Have you used Google Translate and other machine translation options including language translation apps to understand some basic communications? Have you noticed how the nuances and cultural references are lost and often how it makes no sense whatsoever?
The good news is that if you need to translate something very basic or just get the idea of the conversation, language translation apps can come in handy. Maybe you want to quickly identify a language from a blog, translate a Facebook comment from your foreign exchange student, or text something witty in Italian to your sister who is traveling in Italy. Language translation apps can do the trick for quick and casual communications.
Here is an example of a tourism website that used a language translation app:
The In love ones with the vapor is a header on this Tourism Website along with this text: The train remains here at his place, and imposes some to the motorists. Those are never miserly besides of various greetings, with the great joy of the passengers.
One of the more famous language translation app mishaps, would be the Chinese cafe who translated their banner sign to Translate Server Error. This takes the cake for poorly translated signs!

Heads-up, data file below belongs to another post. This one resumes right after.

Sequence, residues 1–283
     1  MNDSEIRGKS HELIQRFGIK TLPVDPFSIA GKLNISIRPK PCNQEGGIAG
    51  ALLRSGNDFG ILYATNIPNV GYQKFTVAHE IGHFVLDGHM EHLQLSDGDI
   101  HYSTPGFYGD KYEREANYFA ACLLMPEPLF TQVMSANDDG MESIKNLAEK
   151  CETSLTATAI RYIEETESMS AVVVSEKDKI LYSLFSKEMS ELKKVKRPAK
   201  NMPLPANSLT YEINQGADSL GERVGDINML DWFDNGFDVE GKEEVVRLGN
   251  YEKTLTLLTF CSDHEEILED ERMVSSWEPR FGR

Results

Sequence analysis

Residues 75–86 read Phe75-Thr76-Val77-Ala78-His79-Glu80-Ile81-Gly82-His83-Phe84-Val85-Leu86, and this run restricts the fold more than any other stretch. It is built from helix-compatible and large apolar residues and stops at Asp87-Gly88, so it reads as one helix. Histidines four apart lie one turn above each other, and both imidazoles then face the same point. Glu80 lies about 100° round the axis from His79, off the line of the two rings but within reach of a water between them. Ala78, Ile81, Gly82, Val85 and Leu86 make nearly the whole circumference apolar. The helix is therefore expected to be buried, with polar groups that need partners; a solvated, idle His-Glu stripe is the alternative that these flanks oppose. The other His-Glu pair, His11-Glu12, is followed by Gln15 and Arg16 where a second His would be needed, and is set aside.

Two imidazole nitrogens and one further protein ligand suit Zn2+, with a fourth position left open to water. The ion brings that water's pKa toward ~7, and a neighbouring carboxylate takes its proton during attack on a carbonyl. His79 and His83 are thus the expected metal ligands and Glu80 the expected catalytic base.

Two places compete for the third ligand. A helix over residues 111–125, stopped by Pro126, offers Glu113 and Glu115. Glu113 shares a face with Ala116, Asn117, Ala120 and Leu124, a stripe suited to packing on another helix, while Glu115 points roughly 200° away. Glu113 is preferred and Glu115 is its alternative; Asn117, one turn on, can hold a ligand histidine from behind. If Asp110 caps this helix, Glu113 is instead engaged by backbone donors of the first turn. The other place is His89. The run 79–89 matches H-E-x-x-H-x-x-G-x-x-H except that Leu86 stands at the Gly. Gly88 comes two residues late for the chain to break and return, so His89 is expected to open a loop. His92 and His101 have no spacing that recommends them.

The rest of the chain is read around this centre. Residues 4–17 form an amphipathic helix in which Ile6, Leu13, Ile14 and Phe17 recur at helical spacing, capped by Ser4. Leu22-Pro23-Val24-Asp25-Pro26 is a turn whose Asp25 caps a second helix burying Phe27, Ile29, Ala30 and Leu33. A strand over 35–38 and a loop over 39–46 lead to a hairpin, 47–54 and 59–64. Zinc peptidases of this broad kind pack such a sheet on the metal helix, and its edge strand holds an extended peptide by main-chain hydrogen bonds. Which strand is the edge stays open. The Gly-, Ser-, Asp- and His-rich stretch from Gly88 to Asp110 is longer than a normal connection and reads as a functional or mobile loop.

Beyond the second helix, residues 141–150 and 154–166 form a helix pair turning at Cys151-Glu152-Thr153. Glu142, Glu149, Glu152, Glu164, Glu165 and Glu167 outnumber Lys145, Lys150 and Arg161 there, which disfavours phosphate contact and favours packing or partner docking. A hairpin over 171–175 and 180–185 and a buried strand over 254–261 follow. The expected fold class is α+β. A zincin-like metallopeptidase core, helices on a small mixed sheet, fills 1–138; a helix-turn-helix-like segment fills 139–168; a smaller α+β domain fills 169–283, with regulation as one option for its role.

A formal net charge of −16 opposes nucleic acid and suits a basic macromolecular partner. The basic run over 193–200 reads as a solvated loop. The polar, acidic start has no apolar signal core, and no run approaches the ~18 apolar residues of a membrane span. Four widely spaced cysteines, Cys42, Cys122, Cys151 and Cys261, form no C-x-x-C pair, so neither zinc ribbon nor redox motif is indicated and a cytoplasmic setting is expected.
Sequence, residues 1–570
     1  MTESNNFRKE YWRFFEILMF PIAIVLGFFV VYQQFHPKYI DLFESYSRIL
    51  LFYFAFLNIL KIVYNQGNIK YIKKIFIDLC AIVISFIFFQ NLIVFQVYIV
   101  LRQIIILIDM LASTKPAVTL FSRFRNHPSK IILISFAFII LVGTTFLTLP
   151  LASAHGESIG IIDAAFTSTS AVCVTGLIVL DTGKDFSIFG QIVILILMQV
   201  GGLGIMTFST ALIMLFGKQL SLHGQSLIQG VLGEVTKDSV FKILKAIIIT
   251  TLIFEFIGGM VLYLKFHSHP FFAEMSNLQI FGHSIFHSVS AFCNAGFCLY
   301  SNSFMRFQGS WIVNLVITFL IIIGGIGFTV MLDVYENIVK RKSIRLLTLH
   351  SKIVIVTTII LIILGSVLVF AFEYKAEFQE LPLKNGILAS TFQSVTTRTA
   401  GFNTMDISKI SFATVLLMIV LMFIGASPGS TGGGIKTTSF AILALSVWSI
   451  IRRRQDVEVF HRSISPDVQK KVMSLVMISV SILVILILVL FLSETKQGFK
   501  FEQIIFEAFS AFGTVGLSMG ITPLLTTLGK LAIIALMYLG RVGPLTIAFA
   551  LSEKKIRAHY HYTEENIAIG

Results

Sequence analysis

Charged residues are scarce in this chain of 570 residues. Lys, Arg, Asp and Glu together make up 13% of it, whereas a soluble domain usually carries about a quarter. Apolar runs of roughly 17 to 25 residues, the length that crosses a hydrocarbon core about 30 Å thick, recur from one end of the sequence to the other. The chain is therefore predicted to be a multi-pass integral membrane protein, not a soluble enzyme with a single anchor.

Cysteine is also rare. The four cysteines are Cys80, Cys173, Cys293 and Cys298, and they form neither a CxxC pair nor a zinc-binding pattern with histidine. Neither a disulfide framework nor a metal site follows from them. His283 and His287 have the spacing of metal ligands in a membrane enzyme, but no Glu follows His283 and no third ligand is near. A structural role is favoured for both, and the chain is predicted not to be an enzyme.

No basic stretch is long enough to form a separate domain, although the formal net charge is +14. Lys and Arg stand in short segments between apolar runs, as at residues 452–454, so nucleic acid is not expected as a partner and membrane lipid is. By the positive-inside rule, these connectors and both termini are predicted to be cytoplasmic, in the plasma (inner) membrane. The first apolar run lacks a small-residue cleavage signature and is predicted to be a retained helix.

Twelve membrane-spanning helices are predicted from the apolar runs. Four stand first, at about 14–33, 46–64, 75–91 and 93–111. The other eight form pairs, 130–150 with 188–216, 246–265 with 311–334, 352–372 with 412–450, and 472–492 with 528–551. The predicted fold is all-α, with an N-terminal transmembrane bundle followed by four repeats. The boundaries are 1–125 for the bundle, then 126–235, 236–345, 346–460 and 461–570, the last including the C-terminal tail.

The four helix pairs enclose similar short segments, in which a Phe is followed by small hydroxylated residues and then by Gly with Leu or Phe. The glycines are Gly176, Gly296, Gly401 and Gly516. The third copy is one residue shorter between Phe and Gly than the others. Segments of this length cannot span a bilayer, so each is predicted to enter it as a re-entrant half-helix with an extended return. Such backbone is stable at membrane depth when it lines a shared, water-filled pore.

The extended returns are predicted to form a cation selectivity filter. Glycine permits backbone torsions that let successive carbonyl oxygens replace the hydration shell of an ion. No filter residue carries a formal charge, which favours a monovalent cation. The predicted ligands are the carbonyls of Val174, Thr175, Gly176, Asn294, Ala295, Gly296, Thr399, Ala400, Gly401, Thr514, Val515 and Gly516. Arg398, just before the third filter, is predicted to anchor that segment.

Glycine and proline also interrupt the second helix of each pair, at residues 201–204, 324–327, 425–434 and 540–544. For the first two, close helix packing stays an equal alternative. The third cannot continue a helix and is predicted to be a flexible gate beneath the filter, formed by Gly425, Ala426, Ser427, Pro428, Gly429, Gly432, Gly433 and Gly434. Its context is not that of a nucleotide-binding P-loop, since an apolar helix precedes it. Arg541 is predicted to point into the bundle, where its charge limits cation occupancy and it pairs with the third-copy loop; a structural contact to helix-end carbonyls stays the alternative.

We have talked about Google Translate for translating text. How about language translation apps that can interpret what people say? NyxCore is one example of a company who has created a language translation app for the Android. NyxCore is run by freelance programmers, and they have several language translation apps available. The Conversation Translator has the following features as taken from their website:
An interpreter for dialogues with local people.
– Easy communicate with foreigners.
– Ask questions in other languages.
– For travel , vacations or business trips.
– 70 languages
– Translate words or phrases
– Translate your voice
– Hear the translation (Text to speech)
– Fast and easy
– Voice recognition (Speech to text)
– Nice graphics
You can see how a language translation app could come in handy when traveling for basic conversation. However, besides on Star Trek, we are not there yet technologically speaking to use language translation apps for professional translation and interpreting use. The machine can’t yet deconstruct the text, analyze the grammatical structure, determine the meaning with cultural references, nuances, concepts and abstractions.
You can think of language translation apps as the Match.com of language translation and interpreting. It may match you up with some basic bits of information, but you don’t get the big picture until you meet “your match” in person….human to human.